Laura Oxley: Devolution could teach us all a lesson

Regional devolution could boost school standards.
Regional devolution could boost school standards.
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RECENT research suggests that pupils in Yorkshire schools are at a significant disadvantage compared with those attending schools in other regions.

This is simply unacceptable and urgent action is needed to close the gap.

Children and young people should not have their life chances determined by where they happen to live in England. Equality of educational opportunity should be expected across the country.

Yorkshire devolution (and here I mean devolution with similar powers to those in Scotland) could have a substantial positive impact on the provision of education within the region.

To start with, more money would be available to invest in Yorkshire schools and education resources in the county.

At a very basic level, increased funding for education in Yorkshire could mean improved school buildings and facilities, with enough money available for teaching resources.

This would then be a draw to attract high quality staff to the region, thus making it easier for Yorkshire schools to recruit and, most importantly, retain inspirational school leaders, outstanding teachers and dedicated support staff.

Additional funding would also enable schools to offer a high standard of continuing professional development, ensuring that school staff in Yorkshire are well versed in the latest educational research, tools, and techniques.

However, there are few examples of money alone raising quality in the public sector.

A further advantage of Yorkshire devolution would also be more control over how money is spent on education in our region. Schools would be in a much better position to work collaboratively to establish the resources and services that are most needed in their local area.

The needs of schools can vary widely across a region, particularly one as large and diverse as Yorkshire, but school leaders know what their school needs the most, and increased control over spending, combined with a collaborative working relationship with other schools in the local area, would empower them to address these needs.

An area that is often neglected is that of alternative provision for students who find it difficult to manage their behaviour in mainstream education.

With all mainstream schools now expected to convert to academies, schools will have the freedom to develop a much wider range of alternative provision to meet the needs of these learners.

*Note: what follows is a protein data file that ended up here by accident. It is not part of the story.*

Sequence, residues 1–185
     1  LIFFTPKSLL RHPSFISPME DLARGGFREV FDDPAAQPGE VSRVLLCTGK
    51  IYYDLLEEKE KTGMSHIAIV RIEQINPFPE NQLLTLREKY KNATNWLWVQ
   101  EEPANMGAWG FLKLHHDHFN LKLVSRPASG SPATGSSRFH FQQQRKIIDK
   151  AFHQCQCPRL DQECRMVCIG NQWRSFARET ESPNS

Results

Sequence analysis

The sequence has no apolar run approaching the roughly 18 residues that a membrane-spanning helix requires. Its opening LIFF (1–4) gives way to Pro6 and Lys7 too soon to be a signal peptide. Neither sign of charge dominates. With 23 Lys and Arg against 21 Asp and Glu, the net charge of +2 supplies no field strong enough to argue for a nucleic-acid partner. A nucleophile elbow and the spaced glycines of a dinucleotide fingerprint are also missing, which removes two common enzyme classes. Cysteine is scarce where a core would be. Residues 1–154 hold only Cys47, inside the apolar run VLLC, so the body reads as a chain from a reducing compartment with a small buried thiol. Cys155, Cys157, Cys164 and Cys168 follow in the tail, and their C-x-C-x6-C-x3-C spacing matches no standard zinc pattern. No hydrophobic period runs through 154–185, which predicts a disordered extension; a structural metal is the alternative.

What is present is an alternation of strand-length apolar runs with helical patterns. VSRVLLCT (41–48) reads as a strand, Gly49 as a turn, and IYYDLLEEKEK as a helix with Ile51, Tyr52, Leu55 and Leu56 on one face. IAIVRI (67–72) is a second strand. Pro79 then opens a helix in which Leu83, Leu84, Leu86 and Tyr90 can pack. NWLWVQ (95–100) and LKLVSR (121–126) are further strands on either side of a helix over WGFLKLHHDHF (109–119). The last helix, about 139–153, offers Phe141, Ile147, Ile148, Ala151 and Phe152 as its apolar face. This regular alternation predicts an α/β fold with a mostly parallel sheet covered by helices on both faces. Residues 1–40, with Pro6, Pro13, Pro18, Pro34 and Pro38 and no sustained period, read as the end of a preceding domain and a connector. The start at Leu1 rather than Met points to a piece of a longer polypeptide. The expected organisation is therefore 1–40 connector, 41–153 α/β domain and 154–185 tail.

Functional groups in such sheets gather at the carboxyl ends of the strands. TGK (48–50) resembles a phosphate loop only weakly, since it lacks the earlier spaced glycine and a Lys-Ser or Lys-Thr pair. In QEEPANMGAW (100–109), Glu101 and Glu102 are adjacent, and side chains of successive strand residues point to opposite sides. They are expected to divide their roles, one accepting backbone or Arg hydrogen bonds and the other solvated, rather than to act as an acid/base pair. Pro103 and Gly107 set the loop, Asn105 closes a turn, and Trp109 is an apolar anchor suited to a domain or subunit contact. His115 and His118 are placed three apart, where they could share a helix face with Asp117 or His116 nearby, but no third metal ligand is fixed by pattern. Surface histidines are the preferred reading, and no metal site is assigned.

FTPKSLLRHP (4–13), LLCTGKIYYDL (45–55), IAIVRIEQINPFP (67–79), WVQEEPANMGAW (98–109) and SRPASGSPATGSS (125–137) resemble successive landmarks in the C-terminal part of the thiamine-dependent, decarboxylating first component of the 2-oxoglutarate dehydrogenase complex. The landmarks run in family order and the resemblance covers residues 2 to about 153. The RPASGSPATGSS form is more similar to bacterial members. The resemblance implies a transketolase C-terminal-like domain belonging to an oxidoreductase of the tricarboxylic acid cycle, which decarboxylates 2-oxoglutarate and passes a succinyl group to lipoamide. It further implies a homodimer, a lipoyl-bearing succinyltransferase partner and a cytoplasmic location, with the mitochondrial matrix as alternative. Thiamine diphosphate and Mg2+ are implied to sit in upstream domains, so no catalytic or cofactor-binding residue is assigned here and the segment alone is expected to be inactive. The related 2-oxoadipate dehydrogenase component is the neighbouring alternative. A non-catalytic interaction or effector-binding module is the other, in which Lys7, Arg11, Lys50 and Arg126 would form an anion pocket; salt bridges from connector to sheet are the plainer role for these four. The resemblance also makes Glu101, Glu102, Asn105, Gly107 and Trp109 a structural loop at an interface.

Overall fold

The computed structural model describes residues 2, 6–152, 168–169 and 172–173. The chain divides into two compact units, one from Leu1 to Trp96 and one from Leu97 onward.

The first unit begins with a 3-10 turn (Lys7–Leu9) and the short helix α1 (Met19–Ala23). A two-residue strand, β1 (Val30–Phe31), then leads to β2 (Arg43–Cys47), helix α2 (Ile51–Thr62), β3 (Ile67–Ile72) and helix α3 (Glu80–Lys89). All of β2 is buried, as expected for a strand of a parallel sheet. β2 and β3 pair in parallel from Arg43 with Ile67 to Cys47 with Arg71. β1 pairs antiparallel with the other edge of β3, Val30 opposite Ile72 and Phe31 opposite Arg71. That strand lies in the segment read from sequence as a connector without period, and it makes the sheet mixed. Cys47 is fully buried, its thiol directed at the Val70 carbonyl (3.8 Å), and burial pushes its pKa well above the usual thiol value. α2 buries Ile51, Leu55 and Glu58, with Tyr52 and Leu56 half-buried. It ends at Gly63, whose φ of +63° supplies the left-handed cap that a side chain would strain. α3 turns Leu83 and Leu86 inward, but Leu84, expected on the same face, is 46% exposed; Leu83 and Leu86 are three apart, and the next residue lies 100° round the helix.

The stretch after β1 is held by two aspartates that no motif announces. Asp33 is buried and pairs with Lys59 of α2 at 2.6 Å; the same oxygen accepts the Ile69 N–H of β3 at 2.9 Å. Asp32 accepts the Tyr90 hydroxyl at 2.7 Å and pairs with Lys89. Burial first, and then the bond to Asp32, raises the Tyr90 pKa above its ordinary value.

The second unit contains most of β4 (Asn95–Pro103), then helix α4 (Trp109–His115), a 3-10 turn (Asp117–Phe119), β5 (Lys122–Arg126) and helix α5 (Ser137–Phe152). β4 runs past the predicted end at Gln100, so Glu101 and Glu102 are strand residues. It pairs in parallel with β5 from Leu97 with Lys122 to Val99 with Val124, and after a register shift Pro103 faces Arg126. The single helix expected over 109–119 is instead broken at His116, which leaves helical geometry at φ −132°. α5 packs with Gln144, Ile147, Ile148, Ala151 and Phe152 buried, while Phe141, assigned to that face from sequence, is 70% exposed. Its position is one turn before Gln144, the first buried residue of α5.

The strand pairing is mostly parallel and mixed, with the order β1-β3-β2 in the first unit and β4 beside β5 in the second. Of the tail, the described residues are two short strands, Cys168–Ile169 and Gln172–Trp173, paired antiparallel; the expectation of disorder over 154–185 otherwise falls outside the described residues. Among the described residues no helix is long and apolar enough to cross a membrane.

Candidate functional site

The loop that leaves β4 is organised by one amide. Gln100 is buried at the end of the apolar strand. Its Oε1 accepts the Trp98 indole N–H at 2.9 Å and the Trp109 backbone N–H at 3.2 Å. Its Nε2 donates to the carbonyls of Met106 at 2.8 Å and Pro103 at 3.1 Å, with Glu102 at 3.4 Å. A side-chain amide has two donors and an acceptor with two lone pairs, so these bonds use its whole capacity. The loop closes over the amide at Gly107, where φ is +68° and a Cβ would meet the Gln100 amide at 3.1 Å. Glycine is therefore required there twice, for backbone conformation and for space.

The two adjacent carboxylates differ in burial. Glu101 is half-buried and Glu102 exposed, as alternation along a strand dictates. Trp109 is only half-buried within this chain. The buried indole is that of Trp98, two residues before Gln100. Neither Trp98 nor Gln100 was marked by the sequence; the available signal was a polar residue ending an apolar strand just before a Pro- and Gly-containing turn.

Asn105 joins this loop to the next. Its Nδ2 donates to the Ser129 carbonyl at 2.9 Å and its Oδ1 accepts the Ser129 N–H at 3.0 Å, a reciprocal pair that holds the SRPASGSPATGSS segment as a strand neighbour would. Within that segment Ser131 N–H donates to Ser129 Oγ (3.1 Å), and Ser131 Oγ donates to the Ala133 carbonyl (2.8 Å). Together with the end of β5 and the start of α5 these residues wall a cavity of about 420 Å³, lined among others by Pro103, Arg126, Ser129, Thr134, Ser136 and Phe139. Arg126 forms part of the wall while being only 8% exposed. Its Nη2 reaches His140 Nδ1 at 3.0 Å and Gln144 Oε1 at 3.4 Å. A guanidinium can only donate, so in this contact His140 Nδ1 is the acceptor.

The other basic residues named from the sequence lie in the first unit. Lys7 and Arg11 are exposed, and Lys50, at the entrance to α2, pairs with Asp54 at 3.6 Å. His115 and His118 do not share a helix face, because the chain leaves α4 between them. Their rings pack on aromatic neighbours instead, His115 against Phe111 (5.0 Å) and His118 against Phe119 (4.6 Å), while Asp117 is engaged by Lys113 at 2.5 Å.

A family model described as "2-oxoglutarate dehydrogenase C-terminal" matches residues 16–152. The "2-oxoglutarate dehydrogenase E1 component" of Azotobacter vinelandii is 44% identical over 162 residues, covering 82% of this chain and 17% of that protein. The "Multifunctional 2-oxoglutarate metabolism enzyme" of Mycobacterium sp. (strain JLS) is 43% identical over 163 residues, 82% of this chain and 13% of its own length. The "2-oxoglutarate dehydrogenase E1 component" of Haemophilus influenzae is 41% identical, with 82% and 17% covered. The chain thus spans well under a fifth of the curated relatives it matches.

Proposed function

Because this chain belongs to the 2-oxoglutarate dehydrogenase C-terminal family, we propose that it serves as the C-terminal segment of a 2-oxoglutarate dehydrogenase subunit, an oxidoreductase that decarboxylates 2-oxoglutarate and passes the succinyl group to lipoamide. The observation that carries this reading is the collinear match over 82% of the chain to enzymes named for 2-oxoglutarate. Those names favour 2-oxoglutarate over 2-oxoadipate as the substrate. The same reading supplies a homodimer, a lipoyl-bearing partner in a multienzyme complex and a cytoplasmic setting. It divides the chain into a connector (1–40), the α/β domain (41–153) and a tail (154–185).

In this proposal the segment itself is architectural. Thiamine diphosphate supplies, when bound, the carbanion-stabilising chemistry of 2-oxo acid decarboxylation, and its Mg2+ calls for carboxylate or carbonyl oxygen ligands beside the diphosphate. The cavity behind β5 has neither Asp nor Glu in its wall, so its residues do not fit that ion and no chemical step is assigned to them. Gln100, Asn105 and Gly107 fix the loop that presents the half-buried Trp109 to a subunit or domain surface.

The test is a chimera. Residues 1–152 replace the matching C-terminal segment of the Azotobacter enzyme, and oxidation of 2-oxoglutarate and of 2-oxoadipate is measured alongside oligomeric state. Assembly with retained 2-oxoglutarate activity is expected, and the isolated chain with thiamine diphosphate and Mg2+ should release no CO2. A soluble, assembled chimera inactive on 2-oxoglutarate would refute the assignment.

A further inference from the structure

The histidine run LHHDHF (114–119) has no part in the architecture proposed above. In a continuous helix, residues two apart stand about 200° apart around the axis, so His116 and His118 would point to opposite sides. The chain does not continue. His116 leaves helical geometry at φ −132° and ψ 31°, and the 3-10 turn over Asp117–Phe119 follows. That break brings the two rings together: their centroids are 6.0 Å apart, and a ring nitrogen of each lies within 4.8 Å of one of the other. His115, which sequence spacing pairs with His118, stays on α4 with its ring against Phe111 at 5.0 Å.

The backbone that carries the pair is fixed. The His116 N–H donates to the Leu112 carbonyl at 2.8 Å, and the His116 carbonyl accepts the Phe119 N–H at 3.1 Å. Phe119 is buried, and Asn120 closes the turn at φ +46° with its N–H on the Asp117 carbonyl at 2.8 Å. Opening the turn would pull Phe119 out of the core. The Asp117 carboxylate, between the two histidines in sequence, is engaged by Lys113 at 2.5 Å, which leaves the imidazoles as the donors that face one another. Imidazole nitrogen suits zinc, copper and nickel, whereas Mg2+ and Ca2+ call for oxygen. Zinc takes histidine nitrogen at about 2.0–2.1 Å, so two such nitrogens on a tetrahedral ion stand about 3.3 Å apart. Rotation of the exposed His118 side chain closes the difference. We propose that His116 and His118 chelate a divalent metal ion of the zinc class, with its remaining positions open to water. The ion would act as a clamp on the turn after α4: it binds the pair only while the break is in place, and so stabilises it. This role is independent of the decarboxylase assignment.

Often students who struggle in mainstream schools will benefit from the provision of high quality educational settings, which have the staff and resources to offer additional support alongside the opportunity to reintegrate into mainstream school at an appropriate time.

This type of provision would significantly reduce the need for exclusions, and devolved funding for schools to manage their own alternative provision is already being trialled in other areas of the country with some success.

As a PhD student in psychology in education, specifically focusing on approaches to behaviour management, and an educational professional with years of experience working with schools to support marginalised young people at risk of exclusion from school, I would suggest that there needs to continue to be some oversight and accountability maintained.

Traditionally a role for the local education authority, there will continue to be a need for an appropriate body to oversee collaboration between individual academies and different multi-academy trusts for the benefit of all children and young people within the county.

As there can be an element of competitiveness between schools in the same area, this body would be required to mediate when disagreements occur, to encourage schools to work in a collaborative manner with their neighbours, and to champion the rights of all pupils to access education.

Yorkshire devolution is a fantastic opportunity for education in our region to be improved with new and innovative ways of working tailored to local needs.

Increased educational funding and greater control over the spending of this money would have a significantly positive impact on the life chances of children and young people growing up in Yorkshire today.

A devolution deal for the whole of Yorkshire would be a positive first step towards ensuring educational equality for all young people in our region.

Laura Oxley is a PhD student with the Psychology in Education Research Centre at the University of York and has worked in education for the past 13 years.